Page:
The Indians have been well represented by their prospects in Arizona. Mejia will represent the Tribe and the Glendale Desert Dogs on the AFL West Fall Stars roster and will be joined by reliever Argenis Angulo (High-A Lynchburg) on the team. Bradley is part of the Final 2 vote for the team, as he will need to pull in more votes than Royals shortstop prospect Nicky Lopez and Rangers minor league outfielder Yanio Perez in order to participate in the All-Star Game.
There are many reasons why the Cleveland Indians’ season is over right now instead of the team playing in the ALCS (which was instead contested between the Houston Astros and New York Yankees). As we all know by now, the former knocked out the Tribe in a gut-wrenching five-game ALDS last week.
A major reason that Cleveland’s season fell short of great expectations was an offense that simply fell flat once the playoffs arrived. The Indians struggled to get much of anything going at the plate, especially in games 3-5. In those final three contests, all losses, the Indians score 0, 3, and 2 runs respectively. It’s hard to win when that happens.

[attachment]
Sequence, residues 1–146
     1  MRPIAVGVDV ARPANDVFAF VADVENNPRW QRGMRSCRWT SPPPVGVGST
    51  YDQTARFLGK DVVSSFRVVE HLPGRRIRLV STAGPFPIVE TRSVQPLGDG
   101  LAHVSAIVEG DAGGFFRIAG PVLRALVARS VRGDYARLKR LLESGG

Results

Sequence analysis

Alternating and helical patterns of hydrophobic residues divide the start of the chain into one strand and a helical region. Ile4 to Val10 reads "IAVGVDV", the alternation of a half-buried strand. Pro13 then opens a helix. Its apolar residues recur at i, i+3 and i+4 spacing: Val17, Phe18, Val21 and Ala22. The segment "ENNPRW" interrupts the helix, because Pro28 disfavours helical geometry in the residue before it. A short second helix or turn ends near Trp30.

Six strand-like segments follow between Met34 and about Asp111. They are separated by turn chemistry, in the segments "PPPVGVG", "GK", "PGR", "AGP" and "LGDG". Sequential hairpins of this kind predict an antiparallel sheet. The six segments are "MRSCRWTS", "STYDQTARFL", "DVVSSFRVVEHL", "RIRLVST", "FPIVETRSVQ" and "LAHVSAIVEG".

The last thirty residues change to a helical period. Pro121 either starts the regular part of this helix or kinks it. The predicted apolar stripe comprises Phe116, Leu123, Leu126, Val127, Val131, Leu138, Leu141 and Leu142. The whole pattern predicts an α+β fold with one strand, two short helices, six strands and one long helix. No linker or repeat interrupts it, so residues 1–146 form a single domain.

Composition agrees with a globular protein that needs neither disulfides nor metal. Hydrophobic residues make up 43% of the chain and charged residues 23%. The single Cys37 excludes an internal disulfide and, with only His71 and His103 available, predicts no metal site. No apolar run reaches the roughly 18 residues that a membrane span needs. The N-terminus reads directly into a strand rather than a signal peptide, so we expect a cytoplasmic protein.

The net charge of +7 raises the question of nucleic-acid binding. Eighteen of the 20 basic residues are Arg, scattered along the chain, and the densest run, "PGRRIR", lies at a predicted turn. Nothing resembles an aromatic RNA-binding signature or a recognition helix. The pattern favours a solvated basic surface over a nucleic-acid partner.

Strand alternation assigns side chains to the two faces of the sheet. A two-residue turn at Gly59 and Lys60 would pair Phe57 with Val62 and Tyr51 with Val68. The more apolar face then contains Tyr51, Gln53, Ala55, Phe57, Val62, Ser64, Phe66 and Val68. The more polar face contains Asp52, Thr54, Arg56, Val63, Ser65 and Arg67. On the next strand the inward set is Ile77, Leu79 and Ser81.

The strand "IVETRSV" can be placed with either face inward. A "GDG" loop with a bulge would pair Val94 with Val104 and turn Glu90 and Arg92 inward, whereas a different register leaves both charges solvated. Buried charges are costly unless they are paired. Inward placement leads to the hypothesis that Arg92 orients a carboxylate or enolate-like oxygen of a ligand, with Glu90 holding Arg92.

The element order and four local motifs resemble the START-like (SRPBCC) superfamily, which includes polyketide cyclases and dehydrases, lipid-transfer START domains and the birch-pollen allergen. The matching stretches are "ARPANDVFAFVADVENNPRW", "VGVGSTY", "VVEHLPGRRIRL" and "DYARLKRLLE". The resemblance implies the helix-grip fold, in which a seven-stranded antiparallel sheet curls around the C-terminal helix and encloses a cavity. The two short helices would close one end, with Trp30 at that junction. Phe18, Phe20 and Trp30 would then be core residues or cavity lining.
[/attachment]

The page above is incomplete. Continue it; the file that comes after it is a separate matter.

The poster boys for the Tribe’s offensive woes seem to be Francisco Lindor and Jose Ramirez. Both struggled at the dish during the five-game series with the Bronx Bombers. Ramirez had but two hits in 20 at-bats for an anemic .100 batting average. Lindor, who did provide a big-time grand slam in Cleveland’s Game 2 come-from-behind win, also had just a pair of hits in 18 at bats, hitting a mere .111.
Despite what you might have read or been told Monday morning, what Cleveland Indians fans witnessed Sunday night was an incredibly well-pitched and well-fought playoff game, and not the “latest chapter in a tortured history¹” of a Cleveland franchise “intimately connected with pain²”.
For Game 3 of the American League Division Series, Major League Baseball fans were actually treated to a pitchers’ duel (a rarity in the postseason thus far) as Masahiro Tanaka and Carlos Carrasco each took shutouts deep into the night. One mistake, hit over the short porch in right by New York’s Greg Bird off of Cleveland’s All-Star left-hander Andrew Miller, provided the game’s only run as the Yankees staved off eliminated with a 1-0 playoff classic win over the Indians.